Chrysler’s reorganization is intended to proceed in record time, with surgical precision. Maybe so, but to survive as a brand, Chrysler management must now execute the most flawless marketing campaign in the history of the company in order to hold onto skeptical consumers.
First the challenges:
- The buy-American approach, used by Lee Iacocca after the 1979 bailout, won’t work in the current environment, since the company will be controlled by Italian automaker Fiat.
- New cars are probably two years or more away, so the current product line will have to do.
- Many of Chrysler’s customers aren’t happy about the billions in government funds that have gone into shoring up the company.
- The dealer base is demoralized and worried, with no clear direction about the future of the company or their contracts with it.
- The company’s past blunders, from the failed Daimler merger to unsuccessful takeover by private equity speculators have ravaged the management team and led to stale product lines and tarnished brands.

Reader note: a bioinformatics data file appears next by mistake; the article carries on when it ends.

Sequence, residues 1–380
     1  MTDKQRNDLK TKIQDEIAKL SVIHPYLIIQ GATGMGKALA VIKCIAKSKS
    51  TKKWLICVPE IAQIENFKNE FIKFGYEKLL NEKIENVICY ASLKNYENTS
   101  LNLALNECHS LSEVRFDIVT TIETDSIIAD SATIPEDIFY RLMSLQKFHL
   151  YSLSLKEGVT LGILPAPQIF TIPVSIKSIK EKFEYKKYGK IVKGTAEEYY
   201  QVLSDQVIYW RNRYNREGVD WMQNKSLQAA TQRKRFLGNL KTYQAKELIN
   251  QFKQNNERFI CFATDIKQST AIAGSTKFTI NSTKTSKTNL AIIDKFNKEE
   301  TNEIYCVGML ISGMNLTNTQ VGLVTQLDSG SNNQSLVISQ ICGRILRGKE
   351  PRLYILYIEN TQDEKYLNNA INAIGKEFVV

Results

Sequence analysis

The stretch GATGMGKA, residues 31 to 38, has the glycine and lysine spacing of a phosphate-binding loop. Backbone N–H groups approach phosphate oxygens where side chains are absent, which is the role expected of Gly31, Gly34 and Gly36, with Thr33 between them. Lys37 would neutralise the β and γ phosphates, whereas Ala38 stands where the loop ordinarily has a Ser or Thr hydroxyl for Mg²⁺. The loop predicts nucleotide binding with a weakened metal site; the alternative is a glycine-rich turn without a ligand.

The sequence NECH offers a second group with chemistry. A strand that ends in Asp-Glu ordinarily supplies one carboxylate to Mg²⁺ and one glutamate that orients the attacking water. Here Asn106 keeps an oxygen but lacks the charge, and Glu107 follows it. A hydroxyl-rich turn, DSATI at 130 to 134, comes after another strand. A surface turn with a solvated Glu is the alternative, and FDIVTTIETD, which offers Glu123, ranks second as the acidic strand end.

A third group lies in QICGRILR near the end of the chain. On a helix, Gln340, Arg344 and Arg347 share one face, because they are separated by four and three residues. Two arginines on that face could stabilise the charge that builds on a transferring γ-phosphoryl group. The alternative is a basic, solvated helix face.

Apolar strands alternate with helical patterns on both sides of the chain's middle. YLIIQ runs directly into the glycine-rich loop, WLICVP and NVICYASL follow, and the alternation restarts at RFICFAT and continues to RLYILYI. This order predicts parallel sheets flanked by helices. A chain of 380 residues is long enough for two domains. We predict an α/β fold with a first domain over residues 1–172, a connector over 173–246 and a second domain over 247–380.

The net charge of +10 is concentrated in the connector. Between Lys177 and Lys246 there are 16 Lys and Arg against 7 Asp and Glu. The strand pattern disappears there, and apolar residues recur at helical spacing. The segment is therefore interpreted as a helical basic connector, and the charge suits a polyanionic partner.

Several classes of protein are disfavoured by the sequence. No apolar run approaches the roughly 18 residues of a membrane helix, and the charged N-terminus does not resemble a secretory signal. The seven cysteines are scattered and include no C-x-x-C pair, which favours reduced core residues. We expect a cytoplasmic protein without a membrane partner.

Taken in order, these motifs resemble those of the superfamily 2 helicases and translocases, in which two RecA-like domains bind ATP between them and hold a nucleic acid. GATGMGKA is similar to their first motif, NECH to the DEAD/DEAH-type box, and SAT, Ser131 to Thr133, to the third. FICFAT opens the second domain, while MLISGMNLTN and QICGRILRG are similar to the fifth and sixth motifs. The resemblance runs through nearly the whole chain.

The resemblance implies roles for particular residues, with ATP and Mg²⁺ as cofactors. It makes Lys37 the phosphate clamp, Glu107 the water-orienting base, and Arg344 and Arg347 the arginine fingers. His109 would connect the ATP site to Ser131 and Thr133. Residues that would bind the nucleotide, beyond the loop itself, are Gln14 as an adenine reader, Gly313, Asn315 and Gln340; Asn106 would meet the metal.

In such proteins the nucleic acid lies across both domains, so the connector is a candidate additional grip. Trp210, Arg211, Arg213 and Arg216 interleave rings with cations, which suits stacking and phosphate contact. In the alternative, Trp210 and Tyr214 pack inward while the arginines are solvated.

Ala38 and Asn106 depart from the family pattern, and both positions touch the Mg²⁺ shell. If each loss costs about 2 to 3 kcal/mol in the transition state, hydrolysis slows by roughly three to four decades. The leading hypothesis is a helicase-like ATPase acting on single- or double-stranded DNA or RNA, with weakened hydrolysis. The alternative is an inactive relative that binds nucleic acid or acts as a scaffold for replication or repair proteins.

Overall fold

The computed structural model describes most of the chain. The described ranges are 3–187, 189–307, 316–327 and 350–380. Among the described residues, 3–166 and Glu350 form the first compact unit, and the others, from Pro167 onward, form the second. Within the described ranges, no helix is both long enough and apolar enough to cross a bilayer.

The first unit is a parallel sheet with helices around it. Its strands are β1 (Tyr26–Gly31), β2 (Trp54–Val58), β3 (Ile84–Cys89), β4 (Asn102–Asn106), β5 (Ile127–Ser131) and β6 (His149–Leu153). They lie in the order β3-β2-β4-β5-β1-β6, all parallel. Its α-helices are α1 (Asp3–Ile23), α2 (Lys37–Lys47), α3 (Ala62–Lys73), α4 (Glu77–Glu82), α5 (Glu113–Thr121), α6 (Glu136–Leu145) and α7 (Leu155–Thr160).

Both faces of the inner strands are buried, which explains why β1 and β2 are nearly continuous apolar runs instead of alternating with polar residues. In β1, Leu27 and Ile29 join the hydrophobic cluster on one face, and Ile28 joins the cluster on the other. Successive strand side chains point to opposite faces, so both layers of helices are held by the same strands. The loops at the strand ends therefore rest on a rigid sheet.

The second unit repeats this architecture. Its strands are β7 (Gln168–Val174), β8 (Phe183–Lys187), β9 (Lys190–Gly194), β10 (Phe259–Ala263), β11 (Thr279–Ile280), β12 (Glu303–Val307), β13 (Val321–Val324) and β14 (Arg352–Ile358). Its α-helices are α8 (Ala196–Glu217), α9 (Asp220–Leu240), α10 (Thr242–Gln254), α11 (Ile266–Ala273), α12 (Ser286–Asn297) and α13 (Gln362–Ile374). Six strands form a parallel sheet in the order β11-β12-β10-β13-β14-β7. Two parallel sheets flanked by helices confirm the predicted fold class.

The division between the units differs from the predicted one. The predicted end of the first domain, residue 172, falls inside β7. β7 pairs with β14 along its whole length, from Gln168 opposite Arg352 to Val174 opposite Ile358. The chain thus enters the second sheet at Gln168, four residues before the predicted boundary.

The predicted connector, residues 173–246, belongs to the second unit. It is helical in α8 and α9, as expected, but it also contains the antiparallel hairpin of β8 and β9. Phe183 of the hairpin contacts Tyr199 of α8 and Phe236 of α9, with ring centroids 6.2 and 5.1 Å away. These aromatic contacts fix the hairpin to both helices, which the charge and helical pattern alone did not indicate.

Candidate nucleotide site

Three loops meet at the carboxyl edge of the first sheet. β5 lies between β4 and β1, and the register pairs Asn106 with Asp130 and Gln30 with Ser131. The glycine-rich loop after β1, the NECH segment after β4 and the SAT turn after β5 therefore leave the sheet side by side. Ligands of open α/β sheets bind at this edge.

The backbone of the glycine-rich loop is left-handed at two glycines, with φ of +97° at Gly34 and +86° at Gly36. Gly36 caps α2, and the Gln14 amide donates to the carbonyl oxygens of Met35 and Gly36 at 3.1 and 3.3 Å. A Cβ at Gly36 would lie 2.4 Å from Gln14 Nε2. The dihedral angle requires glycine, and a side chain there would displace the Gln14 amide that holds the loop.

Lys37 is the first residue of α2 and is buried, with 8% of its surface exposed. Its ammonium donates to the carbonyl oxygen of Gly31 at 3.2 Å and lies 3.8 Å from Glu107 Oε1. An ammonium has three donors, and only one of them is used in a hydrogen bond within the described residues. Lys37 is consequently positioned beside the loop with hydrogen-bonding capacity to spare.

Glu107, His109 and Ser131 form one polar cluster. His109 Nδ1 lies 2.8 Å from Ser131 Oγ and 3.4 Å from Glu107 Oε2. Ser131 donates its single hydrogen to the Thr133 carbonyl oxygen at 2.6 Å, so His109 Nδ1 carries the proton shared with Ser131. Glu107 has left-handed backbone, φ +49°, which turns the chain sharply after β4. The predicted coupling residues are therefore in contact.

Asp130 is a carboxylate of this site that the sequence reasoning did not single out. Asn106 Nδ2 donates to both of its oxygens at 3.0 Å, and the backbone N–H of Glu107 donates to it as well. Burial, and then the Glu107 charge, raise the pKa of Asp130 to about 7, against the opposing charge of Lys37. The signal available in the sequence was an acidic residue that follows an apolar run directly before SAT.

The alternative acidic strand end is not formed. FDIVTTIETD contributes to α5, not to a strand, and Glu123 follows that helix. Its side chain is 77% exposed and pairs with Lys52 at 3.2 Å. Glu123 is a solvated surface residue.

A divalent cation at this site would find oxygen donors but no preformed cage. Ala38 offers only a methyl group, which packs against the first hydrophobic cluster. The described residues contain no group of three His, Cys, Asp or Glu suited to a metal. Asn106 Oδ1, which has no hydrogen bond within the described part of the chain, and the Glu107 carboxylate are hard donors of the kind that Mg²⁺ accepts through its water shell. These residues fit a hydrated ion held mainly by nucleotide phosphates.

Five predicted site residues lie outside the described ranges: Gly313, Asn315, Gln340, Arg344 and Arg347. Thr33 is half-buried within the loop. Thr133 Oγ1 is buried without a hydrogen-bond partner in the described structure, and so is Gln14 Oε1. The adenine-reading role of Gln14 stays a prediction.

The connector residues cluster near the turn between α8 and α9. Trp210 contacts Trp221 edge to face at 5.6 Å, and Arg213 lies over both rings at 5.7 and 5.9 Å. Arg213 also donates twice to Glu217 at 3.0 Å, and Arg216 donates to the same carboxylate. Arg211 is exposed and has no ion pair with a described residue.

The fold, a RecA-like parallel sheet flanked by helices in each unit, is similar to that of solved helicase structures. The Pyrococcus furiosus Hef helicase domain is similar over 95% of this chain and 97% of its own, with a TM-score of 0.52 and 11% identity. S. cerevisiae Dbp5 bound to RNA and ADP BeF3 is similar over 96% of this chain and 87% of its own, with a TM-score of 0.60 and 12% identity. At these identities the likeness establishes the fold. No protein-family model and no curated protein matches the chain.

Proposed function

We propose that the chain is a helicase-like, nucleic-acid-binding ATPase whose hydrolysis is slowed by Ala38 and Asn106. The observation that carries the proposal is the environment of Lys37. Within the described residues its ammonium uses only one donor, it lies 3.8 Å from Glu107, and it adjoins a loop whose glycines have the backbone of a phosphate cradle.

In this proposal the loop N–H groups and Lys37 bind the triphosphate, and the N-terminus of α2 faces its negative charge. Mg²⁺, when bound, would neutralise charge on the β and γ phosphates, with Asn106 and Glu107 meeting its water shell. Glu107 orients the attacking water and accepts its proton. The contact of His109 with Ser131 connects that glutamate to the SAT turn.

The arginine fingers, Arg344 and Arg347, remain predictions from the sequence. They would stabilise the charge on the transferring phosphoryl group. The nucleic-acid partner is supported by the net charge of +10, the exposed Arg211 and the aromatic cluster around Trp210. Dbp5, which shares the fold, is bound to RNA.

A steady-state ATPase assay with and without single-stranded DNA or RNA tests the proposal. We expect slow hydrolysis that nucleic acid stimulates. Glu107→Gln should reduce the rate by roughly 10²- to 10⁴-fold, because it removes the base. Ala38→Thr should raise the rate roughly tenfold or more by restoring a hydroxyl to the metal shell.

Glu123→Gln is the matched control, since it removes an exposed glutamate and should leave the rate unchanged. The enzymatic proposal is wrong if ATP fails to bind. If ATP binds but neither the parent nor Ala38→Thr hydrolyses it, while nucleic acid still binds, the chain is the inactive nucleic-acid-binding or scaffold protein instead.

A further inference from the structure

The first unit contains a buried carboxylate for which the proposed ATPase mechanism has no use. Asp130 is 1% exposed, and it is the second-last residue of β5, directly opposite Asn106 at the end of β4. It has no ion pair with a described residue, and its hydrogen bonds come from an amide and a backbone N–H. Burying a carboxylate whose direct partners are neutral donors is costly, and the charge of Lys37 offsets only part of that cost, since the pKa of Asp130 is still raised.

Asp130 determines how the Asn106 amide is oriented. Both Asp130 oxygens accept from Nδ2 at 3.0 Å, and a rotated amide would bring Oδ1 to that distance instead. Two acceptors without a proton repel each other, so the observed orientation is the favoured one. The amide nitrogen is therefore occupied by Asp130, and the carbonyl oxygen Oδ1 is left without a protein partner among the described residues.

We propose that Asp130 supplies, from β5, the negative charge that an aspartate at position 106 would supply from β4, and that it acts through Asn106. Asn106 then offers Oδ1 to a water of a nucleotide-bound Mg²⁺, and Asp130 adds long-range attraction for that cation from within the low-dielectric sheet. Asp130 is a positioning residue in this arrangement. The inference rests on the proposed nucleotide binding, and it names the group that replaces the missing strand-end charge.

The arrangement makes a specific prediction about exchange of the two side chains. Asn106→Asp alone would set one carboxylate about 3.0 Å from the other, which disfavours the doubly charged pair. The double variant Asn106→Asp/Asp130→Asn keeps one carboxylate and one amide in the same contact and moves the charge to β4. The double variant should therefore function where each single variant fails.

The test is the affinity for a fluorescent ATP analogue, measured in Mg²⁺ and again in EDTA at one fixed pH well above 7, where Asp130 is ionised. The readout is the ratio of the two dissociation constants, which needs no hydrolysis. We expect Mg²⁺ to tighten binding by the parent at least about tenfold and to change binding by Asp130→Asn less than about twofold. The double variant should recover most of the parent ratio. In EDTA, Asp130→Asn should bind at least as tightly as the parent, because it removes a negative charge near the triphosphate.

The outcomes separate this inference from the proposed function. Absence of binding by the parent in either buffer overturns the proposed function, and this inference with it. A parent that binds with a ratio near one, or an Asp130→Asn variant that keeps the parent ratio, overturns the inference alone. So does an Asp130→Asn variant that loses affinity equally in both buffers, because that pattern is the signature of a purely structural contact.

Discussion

The company should emerge from bankruptcy on firmer financial footing, with favorable union contracts and reduced operating costs, but none of this matters if customers won’t buy the cars. Here is what the company MUST do to survive.
The company must demonstrate that it’s a new day at Chrysler. There can be no doubt in the consumer’s mind that new ideas and energy will guide the company’s future. Telling the public that things have changed will mean nothing given the unfulfilled hype that surrounded past turnaround efforts. Only with a change in corporate behavior demonstrated through tangible actions will the company earn back the attention of consumers.
This change must affect:
- The Dealer Experience
- The Product
- The Advertising
The Dealer Experience
The most important change in behavior will be the hardest to accomplish. The dealer experience must be completely reinvented. With no new product in the lineup the company must rely on dealers as the primary avenue for contact with consumers. That’s too bad, because car dealers are independent companies, so controlling their behavior is difficult in the best of times. Management must convince dealers that providing a reinvented customer experience is the best path to recovery and they must develop clear guidelines for this experience. Customers must leave the dealers ready to talk about the whole new approach they experienced. And while they’re at it, the company should take a cue from Saturn and move to no-haggle pricing. Nobody feels good about playing cat-and-mouse with sales people to guess the price they should pay for their car.